This hearty, nutritious vegetable is a staple in the southern US, and has its best flavor after the first frost. This guide is about growing collard greens.
When the flowers come on the top of collards are the green leaves still good to eat?
I planted Collard Green seeds last year in early Fall. The plants came up and I did not cut them down as usual. They survived the winter and now have grown to about five feet tall with yellow flowers on top. What should I do? Should I cut the flowers to promote leaf growth? Will cutting the flowers kill the plants?
Hardiness Zone: 7a
By joneslogic from New Haven, CT
I think that your collard greens will be tougher than usual.
Hardiness Zone: 8a
Thanking you in advance.
Holly from Dallas, TX
Since is doesn't sound like you are looking to harvest the collards over the winter, I would keep cutting them back in the fall the same way you did last year. Collards are usually grown as annuals, but they can also be grown as biennials or perennials in warmer climates. They can survive temperatures to the upper 20s-even cooler if they are located in the right microclimate.
I've heard of them growing for several years before tiring out. Collards taste best during the cooler parts of the season, especially right after a light frost. This is because the plant responds to cooler temperatures by moving water from the leaves to the roots, which concentrates the sugars in the leaves and ultimately gives them a sweet flavor. You can get this same "sweet" flavor in the heat of the summer if you pop the whole plant (stems and all) into the freezer for about 10 minutes. You end up sacrificing the plant, but you get leaves with that post-frost sweet flavor.
Yes, I have had the same results by repeatedly pinching off the flower stalks for many years now and it works great. The plant can become like a small tree often times with many plants sprouting from the same stalk. Quite unusual as a striking yet still productive curiosity.
I planted collard greens and mustard in the early summer. Can I pick and cook them now?
By Jane K.
Yes, your plants should be large enough by now. I always select a few leaves from the bottom and add to my salads, or steam the collard greens. Yummmm! You can also start new plants now to harvest throughout the winter months if your zone allows. I live in Zone 7 and have a year-round garden. I actually enjoy the winter garden best, no bugs and a wonderful mixture of greens!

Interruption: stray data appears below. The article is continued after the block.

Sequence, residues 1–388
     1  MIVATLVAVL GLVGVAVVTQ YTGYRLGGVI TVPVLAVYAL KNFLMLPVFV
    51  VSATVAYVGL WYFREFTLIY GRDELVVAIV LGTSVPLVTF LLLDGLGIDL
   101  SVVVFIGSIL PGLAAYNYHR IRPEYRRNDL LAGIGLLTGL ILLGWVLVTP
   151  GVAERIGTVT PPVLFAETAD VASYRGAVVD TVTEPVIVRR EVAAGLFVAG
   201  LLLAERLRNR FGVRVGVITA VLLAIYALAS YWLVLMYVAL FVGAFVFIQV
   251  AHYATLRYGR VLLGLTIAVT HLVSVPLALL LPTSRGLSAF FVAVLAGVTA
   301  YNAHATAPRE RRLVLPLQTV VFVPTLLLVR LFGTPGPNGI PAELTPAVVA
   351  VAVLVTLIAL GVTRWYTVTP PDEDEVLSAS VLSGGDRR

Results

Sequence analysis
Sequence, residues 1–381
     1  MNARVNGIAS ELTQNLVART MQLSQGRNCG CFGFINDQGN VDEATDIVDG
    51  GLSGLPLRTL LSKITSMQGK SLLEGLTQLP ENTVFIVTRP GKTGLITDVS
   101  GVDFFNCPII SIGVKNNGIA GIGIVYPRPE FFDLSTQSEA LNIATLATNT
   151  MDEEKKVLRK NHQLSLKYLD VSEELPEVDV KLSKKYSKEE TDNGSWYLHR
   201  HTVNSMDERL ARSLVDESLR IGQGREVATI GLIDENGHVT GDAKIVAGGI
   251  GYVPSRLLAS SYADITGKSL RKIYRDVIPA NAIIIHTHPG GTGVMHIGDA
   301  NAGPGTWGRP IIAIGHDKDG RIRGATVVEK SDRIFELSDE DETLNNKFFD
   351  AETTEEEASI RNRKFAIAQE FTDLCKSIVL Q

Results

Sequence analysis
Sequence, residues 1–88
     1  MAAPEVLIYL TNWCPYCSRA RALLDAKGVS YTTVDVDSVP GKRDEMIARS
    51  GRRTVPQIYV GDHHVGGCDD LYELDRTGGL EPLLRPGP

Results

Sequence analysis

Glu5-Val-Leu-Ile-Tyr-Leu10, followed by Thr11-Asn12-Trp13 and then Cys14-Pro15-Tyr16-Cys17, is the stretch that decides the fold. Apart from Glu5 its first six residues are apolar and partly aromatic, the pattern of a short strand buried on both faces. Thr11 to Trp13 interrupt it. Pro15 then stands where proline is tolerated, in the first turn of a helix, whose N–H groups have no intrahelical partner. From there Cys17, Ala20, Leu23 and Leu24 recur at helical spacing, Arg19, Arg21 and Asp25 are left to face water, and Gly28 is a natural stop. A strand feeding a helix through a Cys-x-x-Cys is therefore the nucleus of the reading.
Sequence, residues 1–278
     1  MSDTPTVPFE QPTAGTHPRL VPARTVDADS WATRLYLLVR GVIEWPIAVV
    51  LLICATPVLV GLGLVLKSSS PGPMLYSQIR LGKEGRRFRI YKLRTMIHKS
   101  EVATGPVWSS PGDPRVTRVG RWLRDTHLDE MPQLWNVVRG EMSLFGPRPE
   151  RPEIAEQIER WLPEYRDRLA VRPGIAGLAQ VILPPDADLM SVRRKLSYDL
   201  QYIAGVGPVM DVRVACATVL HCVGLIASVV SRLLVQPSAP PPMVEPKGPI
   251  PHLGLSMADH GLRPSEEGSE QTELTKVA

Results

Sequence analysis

I planted collard greens about a month ago. They look ready to pick, how will I know?
Hardiness Zone: 10a
By Jeanne from Sun City, CA
I pinch the leaves off & cook them any time I want some, you can ad a little sugar to them while cooking, taste them before serving, good luck.
If you want to save the seeds from your collard greens, just leave some of the flowering plants alone to form seed pods. You'll be able to identify them easily once they form because they look almost like green beans. In fact, some people even eat them. The pods can be left to dry right on the plant in the same way you would leave bean pods to dry. Once dry, store them in a paper bag until you plant them. Cutting off the stem of the plant while it's blooming and planting it won't work. Collard greens are best grown from seed or by purchasing seedlings inexpensively from a nursery.
Just wait and watch. The flowers will produce seeds. Wait until they are just dry and take them for use. Depending on where you live, you may want to wait to replant as they probably won't appreciate the summer heat.
I always heard that it is best to pick collard greens after the first frost.
Woody from NC
This is true. The first frost makes the collards sweeter. I sometimes buy my collards fresh and stick them in the freezer. When I'm ready to cook them I just take them out of the freezer, defrost them, wash them, and cook them. This makes it easier to wash them, too. The collards shrink and get limp so the dirt washes right off. This method also makes them easier to get into the pot. (04/18/2007)
By EnSusie from Buckhead, GA
Yes, better after a frost, but I wouldn't avoid them until a frost. Just know that they can be on the strong/bitter flavor side and use less in a mixed recipe. (04/19/2007)
Before the frost sweetens them, pick only young, small leaves. I usually buy ham hocks as soon as I can get a big batch, and simmer them all day together. Then I freeze the extra for other times. (04/20/2007)
Q: The older the collard plant, the smaller the leaves. I planted a collard plants this Spring. Can I get the Fall season out of it by cutting it down to the ground? My location is Dallas, TX.
Thanks for your input,
You can certainly try it, but it really depends on how much the plant has already produced for you. You're right, though, this late in the season the leaves will definitely be smaller. As long as the plants haven't flowered, they may continue to sprout leaves from the sides of the stem. Cut the plants back when they are about half grown, and when harvesting take only the lower leaves to keep the plant growing and producing more leaves. Because of your location, you probably still have time to sow new seeds for a second season Fall crop (50-60 days to adult plants) if you plant them now.
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